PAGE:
You can find more information about Giant Hogweed here.
Featured Image – Flickr
Popular London bakery Gail’s to open string of North West cafes next year
Popular craft bakery Gail’s has hinted at plans to open a string of new cafes in the North West next year.
The group, which already has a large number of bakery-cafes in the south of England, has announced it will open its first North West site in Wilmslow in early 2023.
Bosses have also said that ‘further locations in the North West’ will be announced in the new year, adding that all the new bakeries will serve GAIL’s artisan sourdough breads, pastries, sandwiches, and cakes alongside its specialty House Blend coffee.
The news also seems to potentially confirm speculation that the brand is planning a move into Manchester after The Manc shared news of potential plans for a Gail”s opening in the city centre in October.
Having already seen planning documents that suggest the chain is planning to take over the former White Stuff unit on King Street, it now appears that more news on that opening will be coming in 2023 – although it’s hard to say if it will be the first Manchester site to be announced.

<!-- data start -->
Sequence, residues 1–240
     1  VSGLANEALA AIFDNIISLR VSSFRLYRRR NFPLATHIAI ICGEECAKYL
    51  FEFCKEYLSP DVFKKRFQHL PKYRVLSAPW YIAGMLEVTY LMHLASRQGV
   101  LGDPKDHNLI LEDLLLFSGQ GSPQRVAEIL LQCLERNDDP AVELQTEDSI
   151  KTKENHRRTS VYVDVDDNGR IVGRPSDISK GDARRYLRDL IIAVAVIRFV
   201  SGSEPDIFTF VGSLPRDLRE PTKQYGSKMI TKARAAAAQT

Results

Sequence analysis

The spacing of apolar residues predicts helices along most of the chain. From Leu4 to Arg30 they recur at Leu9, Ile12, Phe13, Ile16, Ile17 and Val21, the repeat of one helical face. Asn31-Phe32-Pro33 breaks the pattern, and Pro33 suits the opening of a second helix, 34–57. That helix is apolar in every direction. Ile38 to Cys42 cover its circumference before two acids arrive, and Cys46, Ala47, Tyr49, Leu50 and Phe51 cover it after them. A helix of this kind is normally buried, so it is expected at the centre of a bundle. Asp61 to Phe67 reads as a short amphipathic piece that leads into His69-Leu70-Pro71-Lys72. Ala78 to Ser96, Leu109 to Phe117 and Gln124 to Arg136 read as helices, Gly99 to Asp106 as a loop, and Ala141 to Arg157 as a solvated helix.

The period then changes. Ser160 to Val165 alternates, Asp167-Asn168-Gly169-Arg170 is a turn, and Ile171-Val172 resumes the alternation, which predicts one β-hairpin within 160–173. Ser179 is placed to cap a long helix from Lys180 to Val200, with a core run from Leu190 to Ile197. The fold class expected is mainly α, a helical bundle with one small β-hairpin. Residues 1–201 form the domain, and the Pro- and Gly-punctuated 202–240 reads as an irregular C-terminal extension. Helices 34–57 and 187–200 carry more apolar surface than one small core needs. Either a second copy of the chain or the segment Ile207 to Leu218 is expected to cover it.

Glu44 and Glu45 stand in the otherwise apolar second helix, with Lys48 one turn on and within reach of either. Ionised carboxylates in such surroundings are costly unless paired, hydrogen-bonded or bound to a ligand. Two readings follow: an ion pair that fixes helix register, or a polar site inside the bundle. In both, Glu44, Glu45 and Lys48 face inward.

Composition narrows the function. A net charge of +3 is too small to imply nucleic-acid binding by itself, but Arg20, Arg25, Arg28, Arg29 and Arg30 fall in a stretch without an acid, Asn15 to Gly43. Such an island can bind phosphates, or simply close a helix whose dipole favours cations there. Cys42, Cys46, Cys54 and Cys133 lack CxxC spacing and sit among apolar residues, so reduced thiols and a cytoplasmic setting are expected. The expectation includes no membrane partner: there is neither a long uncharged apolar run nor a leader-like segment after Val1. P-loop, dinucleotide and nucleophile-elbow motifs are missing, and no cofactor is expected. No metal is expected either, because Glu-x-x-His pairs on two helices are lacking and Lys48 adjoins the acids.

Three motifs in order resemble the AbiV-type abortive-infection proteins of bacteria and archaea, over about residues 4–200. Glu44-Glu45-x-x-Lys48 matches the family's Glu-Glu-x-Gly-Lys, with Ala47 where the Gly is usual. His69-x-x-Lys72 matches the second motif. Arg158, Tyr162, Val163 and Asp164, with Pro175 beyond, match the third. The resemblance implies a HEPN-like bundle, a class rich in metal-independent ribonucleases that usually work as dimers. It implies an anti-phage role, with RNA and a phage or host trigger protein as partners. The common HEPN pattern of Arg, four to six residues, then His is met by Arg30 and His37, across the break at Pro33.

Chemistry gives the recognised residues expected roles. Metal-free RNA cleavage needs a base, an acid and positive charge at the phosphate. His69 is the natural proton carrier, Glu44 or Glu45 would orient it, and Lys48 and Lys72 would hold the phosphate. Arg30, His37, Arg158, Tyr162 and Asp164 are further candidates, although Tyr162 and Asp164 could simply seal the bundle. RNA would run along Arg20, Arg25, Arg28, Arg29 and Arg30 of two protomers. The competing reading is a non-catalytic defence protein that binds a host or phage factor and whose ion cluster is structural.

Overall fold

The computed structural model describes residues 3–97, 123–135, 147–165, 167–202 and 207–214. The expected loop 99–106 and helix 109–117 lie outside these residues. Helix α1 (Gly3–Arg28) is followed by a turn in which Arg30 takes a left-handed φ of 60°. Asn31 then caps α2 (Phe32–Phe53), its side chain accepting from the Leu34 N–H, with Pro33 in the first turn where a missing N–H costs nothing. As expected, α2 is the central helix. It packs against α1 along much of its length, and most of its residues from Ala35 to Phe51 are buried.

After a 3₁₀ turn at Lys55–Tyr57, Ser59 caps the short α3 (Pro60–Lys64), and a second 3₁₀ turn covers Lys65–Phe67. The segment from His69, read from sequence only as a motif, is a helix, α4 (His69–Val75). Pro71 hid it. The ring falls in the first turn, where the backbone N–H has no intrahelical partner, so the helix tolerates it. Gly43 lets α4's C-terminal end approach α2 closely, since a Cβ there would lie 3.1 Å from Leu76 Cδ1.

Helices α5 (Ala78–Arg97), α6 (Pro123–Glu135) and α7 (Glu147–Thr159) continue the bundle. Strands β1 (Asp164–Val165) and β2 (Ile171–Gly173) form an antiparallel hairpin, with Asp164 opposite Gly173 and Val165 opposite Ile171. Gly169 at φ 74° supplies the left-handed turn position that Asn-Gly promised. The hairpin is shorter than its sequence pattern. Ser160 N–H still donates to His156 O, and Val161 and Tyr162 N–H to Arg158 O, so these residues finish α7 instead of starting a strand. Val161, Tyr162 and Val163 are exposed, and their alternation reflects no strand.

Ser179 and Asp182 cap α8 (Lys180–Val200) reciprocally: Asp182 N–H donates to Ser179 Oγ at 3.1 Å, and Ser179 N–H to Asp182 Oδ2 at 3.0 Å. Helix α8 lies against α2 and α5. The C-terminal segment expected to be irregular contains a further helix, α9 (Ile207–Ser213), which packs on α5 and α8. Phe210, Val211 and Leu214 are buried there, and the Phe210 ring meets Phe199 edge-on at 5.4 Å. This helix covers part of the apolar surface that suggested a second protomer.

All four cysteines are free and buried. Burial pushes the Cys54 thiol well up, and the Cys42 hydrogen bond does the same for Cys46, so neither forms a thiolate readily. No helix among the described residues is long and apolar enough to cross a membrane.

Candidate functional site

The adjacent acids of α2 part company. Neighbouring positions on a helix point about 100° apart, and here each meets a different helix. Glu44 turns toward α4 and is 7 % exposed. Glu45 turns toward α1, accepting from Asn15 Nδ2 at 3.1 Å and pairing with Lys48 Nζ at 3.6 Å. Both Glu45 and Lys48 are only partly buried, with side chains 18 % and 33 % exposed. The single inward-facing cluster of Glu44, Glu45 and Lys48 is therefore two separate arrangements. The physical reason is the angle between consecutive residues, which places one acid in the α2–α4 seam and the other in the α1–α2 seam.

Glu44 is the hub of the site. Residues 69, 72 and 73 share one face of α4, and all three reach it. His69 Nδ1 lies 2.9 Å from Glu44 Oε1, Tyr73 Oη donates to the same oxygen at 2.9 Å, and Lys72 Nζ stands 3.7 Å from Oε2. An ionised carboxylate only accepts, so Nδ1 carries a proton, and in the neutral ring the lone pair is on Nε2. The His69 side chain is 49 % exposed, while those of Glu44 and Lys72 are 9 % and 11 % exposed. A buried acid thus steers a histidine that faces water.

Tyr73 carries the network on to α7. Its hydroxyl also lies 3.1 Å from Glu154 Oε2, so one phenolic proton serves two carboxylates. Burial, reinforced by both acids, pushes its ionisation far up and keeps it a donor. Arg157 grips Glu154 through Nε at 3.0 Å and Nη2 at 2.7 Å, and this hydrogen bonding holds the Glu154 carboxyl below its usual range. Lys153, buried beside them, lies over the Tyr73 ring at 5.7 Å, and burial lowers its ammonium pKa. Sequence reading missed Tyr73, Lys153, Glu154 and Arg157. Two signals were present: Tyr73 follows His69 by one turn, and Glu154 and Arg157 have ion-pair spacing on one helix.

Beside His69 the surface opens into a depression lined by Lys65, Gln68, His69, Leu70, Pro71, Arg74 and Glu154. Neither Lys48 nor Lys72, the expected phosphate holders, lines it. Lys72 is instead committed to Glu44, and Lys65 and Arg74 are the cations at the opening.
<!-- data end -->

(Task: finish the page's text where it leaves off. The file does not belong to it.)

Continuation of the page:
The bakery group already has strong ties with Manchester, having run its sister wholesale bakery The Bread Factory in Openshaw since 2017.
Formed in the early 1990s by namesake Gail Mejia, Gail’s began when its eponymous founder decided to bring together the best bakers in London to create bakes for the capitals top chefs and restaurants.
Today, is known more as a customer-facing cafe and bakery whilst The Bread Factory continues the original wholesale legacy – supplying high quality, artisan breads to some of the region’s top local restaurants.
Gail’s first cafe opened on Hampstead High Street in 2005, and now the brand has 79 in neighbourhoods in and around London, Oxford, Brighton and more.
Turning back the clock on industrialised baking practices and moving to bake bread as it used to be baked: by hand, using quality ingredients and time-worn artisanal methods, Gail’s soon established a name for itself and has come a long way since those early days.
Still, the stuff that matters – the ethos, the suppliers, the skill and a handful of tried-and-tested sourdough starter cultures – hasn’t changed.
A champion for sustainability, the bakery also prides itself on minimising food waste by carefully setting aside any leftover food and donating it to a selection of local charities in each eatery’s neighbourhood
On Twitter, someone said: “I wouldn’t mind knowing where he is either he’s [flame emoji].”
In all serious though, Humberside Police said of Robert Rimmer: “If you see him, or know where he is, please do not approach him but instead call us immediately on our non-emergency 101 line quoting investigation reference 20900368291.
“If you would prefer to report information anonymously you can do so via the independent charity Crimestoppers on 0800 555 111.”